Trust Income  

Trust Accounting Income
Trust Accounting Income refers to all of the dividends, interest, ordinary gain, real estate income, royalty income and any other income that is generated by the trust for a given tax year.

The importance of distinguishing accounting income from the corpus or principal of the trust again lies in the unique difference between simple and complex trusts. Simple trusts are required to pay out all of the accounting income to the beneficiary of the trust. Complex trusts are much more flexible in that they can pay out dividends and principal to the beneficiaries, or just let the accounting income accumulate within the trust.


Charitable donations (complex trusts only) can be deductible if they are paid specifically from the current year's gross accounting income.

Trust Taxable Income
Trust or estate taxable income will be treated as taxable income to either the beneficiary or the trust itself, but not taxable to both. Because the trust is allowed an "income distribution deduction" for income paid to a beneficiary, the beneficiary would be responsible for paying the tax if the trust distributes the income.


Income Distribution Deduction Is the Lesser of:
  • Distributable Net Income (DNI) less tax-exempt interest

OR

  • Distributions less tax-exempt income included in distribution

If the estate administrator or trustee elects not to pay out the income of the trust, then the legal representative of the trust is responsible for including the income on the trust's income tax return.

Distributable Net Income
Distributable net income (DNI) is the maximum allowable income that can be paid from a trust in a given year per the terms of the trust, regardless if a will or other document might specify a larger share "entitlement" to the beneficiary.

For Example:
Suppose that John's will specifies that Julie (his wife) and Debby (his daughter) were to receive $10,000 and $5,000, respectively, from the income of his estate trust each year. If the trust only had $12,000 of distributable net income for the year, then each beneficiary will only receive a pro-rata share of their amount.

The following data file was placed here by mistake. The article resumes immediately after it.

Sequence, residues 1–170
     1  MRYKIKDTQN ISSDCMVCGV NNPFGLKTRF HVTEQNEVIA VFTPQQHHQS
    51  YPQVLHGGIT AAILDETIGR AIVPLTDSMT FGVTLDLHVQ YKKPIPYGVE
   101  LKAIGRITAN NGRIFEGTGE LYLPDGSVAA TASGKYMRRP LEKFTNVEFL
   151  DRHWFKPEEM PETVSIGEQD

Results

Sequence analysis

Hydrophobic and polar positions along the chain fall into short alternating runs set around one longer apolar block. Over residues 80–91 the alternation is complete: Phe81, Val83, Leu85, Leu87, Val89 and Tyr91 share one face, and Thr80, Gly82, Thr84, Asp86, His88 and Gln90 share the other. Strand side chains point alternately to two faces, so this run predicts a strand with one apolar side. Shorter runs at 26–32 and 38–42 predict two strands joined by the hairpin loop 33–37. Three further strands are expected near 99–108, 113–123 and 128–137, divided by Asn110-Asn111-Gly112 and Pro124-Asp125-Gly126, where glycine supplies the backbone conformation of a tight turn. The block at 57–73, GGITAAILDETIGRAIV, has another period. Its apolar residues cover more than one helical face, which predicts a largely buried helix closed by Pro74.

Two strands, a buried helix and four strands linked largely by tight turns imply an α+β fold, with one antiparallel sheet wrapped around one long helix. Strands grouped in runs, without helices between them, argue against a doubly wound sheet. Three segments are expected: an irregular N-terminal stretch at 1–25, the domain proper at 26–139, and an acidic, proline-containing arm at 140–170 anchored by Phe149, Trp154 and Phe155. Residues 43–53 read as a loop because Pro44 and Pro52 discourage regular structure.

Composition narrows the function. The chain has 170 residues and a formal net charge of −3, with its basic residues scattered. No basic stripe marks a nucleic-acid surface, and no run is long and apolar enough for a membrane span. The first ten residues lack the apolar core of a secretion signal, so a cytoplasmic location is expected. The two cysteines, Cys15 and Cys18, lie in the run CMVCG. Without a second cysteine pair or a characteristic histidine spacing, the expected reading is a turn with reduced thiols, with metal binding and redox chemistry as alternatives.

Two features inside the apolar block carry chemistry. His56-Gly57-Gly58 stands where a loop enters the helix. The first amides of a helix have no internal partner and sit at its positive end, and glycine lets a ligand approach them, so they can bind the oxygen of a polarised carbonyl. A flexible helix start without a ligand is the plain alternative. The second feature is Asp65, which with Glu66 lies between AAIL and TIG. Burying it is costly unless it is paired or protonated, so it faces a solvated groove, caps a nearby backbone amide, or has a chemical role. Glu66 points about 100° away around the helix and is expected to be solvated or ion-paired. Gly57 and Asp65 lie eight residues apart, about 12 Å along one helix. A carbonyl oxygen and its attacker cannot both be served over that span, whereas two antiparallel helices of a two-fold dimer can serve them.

Julie would receive $8,000 [($10,000 / $15,000) x $12,000]

Debby would receive $4,000 [($5,000 / $15,000) x $12,000]

*Beneficiaries entitled to receive current distributable income, generally must include in the gross income the entire amount due to them. However, if the DNI is less than the entitlement, then each beneficiary is only taxed on the actual amount received from the DNI, not their full entitlement amount.



Estate Income Tax

Related Articles
  1. Retirement

    How To Set Up A Trust Fund In The U.K.

    A guide to the whys and wherefores of setting up this most versatile of estate-planning instruments in the United Kingdom.
  2. Retirement

    How To Set Up A Trust Fund In Australia

    No, they're not just for the super-rich. But you need to know the rules.
  3. Financial Advisor

    Passing an IRA to a Trust: The Good and Bad

    Creating a trust is a common estate planning tactic, but naming a beneficiary to an IRA to a trust may have unintended consequences.
  4. Managing Wealth

    Surprising Ways a Trust Could Help Your Family

    Everything you always wanted to know about setting up trusts, in handy glossary form.
  5. Managing Wealth

    How to Set Up a Trust Fund in Canada

    You don't have to be rich to make use of a trust fund. Rules can be complex; here's what you'll need to discuss with your lawyer.
  6. Financial Advisor

    Should You Put Your Faith In A Trust?

    Many institutions want a piece of your portfolio, but trusts can provide a one-stop shop.
  7. Managing Wealth

    Pick The Perfect Trust

    Trusts are an estate plan's anchor, but the terminology can be confusing. We cut through the clutter.
  8. Financial Advisor

    Irrevocable Trusts: New Trends You Need to Know

    Several improvements and additional provisions have been added to irrevocable trusts in recent years making them considerably more versatile than before.
  9. Managing Wealth

    Surprising Uses for Trust Funds

    Here are five common situations where a trust fund makes financial sense.
  10. Managing Wealth

    What's a Trust?

    A trust is a fiduciary relationship in which one party gives another party the right to hold property or assets on behalf of a beneficiary.
Trading Center